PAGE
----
I had my mammogram today. I didn’t mean to put it off, I just forgot about it.
Repeatedly. It’s not like I was afraid of the unknown. I’ve had a dozen of them before. Well, maybe I was a little afraid. I need to know but don’t WANT to know, you know? But really, I’ve just been too busy with homeschooling and the teenagers and their activities to think about that.
Last week, my husband questioned me about it, knowing that I’d been putting it off.
“Did you make your appointment today?”
“Yes. It’s next week.”
“Good! And you say men are bad about going to the doctor”
Most mothers I know, especially homeschool moms, are better at self-sacrifice than self-care.
I’m not the best at self-care. What you put first can end up being detrimental if you don’t have your priorities straight. We are programmed to put everyone else first but let me tell you this:
Taking care of yourself is not selfish. It is smart. It is prevention.
It is to help ensure you will be around to finish what you started.
This was not my typical mammogram appointment.
First, the waiting room I am accustomed to being sent to was closed due to remodeling, so I had to “Wait up here and she will come and bring you downstairs.”
I killed time playing backgammon on my iPhone until a woman came up to get me. Me and two other ladies, that is. We were all looking at each other and probably wondering the same thing: When did they start doing group mammograms?
We felt like part of an assembly line as we were given the instructions and sent to the changing rooms. After I had put on my short gown-with-the-opening-in-the-front, I sat down in the little room and flipped through a magazine. From somewhere immediately outside the sliding door to my dressing room, I definitely heard a man’s voice. Well, this is different.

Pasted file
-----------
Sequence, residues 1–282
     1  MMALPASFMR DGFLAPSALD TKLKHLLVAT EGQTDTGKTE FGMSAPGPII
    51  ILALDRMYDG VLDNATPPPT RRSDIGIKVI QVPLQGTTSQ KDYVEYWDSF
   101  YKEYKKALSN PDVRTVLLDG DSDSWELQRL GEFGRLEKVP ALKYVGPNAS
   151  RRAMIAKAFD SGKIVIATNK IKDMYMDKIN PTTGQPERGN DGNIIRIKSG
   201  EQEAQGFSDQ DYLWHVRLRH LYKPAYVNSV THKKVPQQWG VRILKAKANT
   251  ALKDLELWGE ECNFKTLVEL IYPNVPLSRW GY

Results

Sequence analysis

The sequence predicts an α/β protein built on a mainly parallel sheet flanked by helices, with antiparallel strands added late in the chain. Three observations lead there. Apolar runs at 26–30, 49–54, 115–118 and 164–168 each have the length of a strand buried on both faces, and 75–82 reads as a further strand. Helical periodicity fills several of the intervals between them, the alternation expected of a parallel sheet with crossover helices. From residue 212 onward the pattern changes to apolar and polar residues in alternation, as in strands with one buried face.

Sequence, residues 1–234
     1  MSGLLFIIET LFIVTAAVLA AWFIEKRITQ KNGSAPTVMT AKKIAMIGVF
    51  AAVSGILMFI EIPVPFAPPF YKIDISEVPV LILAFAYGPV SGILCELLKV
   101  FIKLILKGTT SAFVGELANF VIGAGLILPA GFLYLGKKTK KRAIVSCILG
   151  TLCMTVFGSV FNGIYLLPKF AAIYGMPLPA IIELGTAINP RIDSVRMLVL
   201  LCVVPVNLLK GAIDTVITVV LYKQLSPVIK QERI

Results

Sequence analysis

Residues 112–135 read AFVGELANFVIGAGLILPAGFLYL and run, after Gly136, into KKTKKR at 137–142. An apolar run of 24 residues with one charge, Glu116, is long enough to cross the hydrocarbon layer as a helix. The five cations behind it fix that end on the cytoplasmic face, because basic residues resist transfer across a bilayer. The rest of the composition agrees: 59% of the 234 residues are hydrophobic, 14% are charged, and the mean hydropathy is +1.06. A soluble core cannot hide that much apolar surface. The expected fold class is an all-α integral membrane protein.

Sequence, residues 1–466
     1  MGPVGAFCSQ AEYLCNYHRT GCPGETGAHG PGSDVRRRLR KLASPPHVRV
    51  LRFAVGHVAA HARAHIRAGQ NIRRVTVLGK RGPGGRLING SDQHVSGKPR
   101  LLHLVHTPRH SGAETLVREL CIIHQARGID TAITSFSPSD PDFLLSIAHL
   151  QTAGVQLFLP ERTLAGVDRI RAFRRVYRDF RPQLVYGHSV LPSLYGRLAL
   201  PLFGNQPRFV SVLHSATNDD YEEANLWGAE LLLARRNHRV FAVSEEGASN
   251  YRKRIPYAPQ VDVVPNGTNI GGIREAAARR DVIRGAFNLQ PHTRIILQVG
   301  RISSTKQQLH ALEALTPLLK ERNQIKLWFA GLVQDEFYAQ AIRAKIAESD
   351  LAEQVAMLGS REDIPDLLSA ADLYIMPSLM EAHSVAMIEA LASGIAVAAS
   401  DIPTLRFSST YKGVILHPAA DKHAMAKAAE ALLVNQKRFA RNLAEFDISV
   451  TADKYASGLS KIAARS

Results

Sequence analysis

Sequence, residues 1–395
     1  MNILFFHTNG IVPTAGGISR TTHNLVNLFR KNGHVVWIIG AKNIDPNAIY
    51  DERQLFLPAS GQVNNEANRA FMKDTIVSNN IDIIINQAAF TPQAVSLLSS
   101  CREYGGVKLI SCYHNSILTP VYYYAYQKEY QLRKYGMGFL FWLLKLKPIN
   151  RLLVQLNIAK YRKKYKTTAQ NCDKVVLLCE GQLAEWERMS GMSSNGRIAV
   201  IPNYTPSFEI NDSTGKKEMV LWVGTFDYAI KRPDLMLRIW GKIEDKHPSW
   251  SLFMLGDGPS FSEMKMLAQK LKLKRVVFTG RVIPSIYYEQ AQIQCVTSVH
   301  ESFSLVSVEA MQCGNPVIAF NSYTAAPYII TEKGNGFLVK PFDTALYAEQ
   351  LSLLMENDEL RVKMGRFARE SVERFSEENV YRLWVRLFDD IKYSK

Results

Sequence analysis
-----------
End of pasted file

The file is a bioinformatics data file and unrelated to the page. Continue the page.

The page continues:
I was called to a screening room fairly soon, and the lady was quick to explain that the man was repairing a broken down machine in another room. I can’t explain the relief I felt that he wasn’t the tech doing the positioning. (That would be just a bit too personal for me, thankyouverymuch.)
If you’ve ever been handled, lifted, pressed, and flattened by a mammographer, you know what I mean. Let’s just say that mammography is a very hands-on profession.
So I got it out of the way for another year. One more check to keep tabs on my calcified mams, now sufficiently sore and squished. Considering that my Mom was diagnosed with breast cancer at the age of 35 (and was told it “couldn’t be cancer, because you are too young”), I am pretty faithful to get mine done although I do need to be reminded sometimes.
There have been potential bad spots in there for several years, and they watch me pretty closely. If you have breast or ovarian cancer in the family, many insurance companies now fully cover the BRCA gene testing to find out if you’re a carrier. (I was tested a few years ago and I’m BRCA-Negative, much to the relief of myself and my daughters.)
Now to remind my husband about his date with a rubber-gloved man called Doctor Z.
Self-care is NOT selfish. What are you doing to take care of yourself?